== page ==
A criminal court in the northern Italian city of Turin has sentenced several individuals to prison and ordered the seizure of millions of euros worth of assets as part of a major trans-national tobacco contraband case that has involved law enforcement officials for years after first being uncovered by the European Anti Fraud Office (OLAF) more than half a decade ago.
Europe’s anti-fraud investigators, better known by their French acronym OLAF, found that an international network of fictitious companies carried out illegal exports from the EU to destinations outside the bloc, while at the same time legally importing tobacco products from third countries which were then put into circulation in the EU without having to pay customs duties and taxes.
According to the EU anti-fraud office, the scheme was operated by an extensive network with connections to organised crime in several of the EU Member States and third countries. The case included corrupt customs officials who sometimes validated exports without the containers actually leaving the EU, or validated exports through trucks that had already been impounded.
OLAF provided evidence and led coordination activities to support national law enforcers at each key step of their investigations across Europe.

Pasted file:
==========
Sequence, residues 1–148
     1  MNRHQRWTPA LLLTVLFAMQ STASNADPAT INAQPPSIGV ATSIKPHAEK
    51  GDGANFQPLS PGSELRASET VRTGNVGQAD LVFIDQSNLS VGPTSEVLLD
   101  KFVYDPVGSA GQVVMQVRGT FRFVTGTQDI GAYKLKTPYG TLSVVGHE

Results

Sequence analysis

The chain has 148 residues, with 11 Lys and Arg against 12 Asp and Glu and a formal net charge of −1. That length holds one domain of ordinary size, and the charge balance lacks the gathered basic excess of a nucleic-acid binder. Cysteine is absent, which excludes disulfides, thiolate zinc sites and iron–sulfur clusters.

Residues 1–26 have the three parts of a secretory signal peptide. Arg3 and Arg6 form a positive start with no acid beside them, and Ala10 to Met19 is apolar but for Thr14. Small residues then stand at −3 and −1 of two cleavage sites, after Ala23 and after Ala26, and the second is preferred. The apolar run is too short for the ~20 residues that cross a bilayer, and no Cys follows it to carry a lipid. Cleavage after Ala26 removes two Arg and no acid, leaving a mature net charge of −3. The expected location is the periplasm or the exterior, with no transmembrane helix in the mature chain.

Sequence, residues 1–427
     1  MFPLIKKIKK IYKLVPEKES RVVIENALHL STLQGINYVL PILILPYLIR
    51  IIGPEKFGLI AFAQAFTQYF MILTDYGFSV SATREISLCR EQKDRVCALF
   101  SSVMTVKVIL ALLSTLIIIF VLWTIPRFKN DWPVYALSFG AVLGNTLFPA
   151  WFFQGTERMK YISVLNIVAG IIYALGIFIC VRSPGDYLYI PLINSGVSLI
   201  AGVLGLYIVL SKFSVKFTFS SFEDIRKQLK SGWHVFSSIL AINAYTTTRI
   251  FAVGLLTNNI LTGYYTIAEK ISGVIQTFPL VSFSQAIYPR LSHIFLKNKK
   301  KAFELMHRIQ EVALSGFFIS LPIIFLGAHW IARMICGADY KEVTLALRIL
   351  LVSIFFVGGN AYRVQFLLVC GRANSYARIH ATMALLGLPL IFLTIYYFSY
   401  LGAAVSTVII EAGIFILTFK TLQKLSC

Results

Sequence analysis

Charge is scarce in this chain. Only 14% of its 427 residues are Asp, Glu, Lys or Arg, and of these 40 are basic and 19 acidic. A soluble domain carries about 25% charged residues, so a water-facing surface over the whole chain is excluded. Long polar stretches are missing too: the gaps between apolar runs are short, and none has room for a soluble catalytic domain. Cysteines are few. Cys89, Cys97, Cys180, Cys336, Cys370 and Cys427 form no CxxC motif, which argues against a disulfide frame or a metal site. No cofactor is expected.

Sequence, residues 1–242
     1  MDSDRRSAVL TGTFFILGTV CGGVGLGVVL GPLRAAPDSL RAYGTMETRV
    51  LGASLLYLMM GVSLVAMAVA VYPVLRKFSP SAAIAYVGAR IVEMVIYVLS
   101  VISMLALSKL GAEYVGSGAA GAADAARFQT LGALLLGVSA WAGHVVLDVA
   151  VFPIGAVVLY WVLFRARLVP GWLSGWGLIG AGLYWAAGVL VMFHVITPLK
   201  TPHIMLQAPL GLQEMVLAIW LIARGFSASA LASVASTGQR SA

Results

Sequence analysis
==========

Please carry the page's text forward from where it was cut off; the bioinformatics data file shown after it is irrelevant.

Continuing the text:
OLAF and law enforcement agencies in Italy and Germany found that the same network produced “made in Italy” cigarettes at a plant near Turin for distribution on the EU’s black market. The plant’s materials and assets were seized and its staff have been arrested.
The court in Turin ordered the defendants to pay over € 119 million euros to Italian Customs and €36 million to the Italian Tax Office. No compensation will go to other EU Member State’s customs offices, despite millions of euros in border taxes having been lost because of the group’s activities.
OLAF’s Acting Director-General, Nick Ilett, said “this ruling shows the excellent results that can be achieved when OLAF works alongside our national partners in a coordinated action against criminals who deplete the public coffers of substantial revenue. It is only through this type of on-the-ground, joint work that we can protect our taxpayers’ money, untangle complex cross-border fraud schemes, and ensure that the criminals are brought to justice.”